A transmission tower

Lattice Tower Deflection: An Exception to the Rule

Unique loading situations, such as lattice tower deflections, must be examined carefully when planning rebuilds or work on existing structures.

Traditional practice dictates potential deflection of lattice steel towers will not cause structural issues while stringing conductor. However, Los Angeles Department of Water & Power (LADWP) and Black & Veatch recently discovered an exception when the deflection of an existing tower during stringing was enough to impact stringing sequencing. The project in question was part of the LADWP’s Barren Ridge renewable transmission project (BRRTP), built to expand power-delivery capabilities to the Los Angeles basin. Black & Veatch was contracted to provide engineering design, joining the Barnard Construction (BCCI) team.

The project included the installation of two new transmission lines between the Barren Ridge and Haskell switching stations and the Haskell-Rinaldi reconductor, which included a 15-mile (24-km) optical ground wire installation and 3.5 miles (5.6 km) of reconductor.

Google Earth site overview of Interstate 5 (left ) and Interstate 405 (right) showing the line route and Tower 116, which had deflection issues.

Project Overview

Originally constructed in the 1950s, the Haskell-Rinaldi transmission line was modeled from an existing light detection and ranging (LiDAR) survey in the PLS-CADD suite of software, which was used to perform loading and electrical clearance checks. Black & Veatch compared the modeled lattice tower loads to the original tower point load design. This led to the creation of creating new tower models. Later, Black & Veatch incorporated the finite element (FE) models and performed a new LiDAR survey to incorporate current line operating factors into the model, as well.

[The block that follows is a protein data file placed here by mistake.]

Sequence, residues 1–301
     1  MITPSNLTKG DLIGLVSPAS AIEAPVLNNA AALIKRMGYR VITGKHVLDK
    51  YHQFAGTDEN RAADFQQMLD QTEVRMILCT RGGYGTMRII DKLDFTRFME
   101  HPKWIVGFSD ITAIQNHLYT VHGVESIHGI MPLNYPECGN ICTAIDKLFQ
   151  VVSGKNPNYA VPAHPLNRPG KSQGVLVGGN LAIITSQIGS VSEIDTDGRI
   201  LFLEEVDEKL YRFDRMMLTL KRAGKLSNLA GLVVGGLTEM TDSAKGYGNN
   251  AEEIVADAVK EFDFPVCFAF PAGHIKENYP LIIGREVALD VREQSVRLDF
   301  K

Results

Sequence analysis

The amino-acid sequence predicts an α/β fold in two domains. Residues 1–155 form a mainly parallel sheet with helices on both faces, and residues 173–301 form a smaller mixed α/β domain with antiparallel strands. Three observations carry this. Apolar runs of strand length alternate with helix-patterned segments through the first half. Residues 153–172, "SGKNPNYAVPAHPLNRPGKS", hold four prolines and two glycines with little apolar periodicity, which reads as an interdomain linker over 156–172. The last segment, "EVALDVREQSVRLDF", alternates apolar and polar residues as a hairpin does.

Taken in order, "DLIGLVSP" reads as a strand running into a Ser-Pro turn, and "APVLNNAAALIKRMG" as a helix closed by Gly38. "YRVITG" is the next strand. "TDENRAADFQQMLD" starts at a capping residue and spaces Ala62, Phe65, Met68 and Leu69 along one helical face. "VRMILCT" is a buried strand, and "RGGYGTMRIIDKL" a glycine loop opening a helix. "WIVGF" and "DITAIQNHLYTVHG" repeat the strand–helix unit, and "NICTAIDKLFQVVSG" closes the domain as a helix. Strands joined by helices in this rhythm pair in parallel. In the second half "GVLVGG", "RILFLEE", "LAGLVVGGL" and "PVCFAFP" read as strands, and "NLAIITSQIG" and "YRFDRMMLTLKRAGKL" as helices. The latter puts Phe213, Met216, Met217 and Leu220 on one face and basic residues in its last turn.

Twenty-five conductor options using the FE models were compared to determine the effects on the lattice towers and any required reinforcements. The selection study accounted for any reinforcements required as a result of new conductor loads, giving a true comparison of the cost of each conductor option. The end-result design needed to support a larger conductor and uphold present clearance requirements.

LADWP decided to replace its existing 954-kcmil aluminum conductor steel-reinforced (ACSR) Cardinal conductor with a 2312-kcmil aluminum conductor, aluminum clad steel-supported (ACSS/AW) Thrasher conductor, produced by Jiangsu Zhongtian Technology Co. Ltd. (ZTT), because of its reliability and capacity. The design for the new line had to allow for a 50% expansion in conductor diameter and doubling of the weight per foot. Modeling software also was used to determine lattice tower and foundation modifications that would be efficient, buildable and manageable within the project schedule.

Stringing construction sequence with tensions shown at 60°F (15°C) and no wind.

Custom vangs for lattice tower 116. The attachment plates created by the engineering team also can be seen.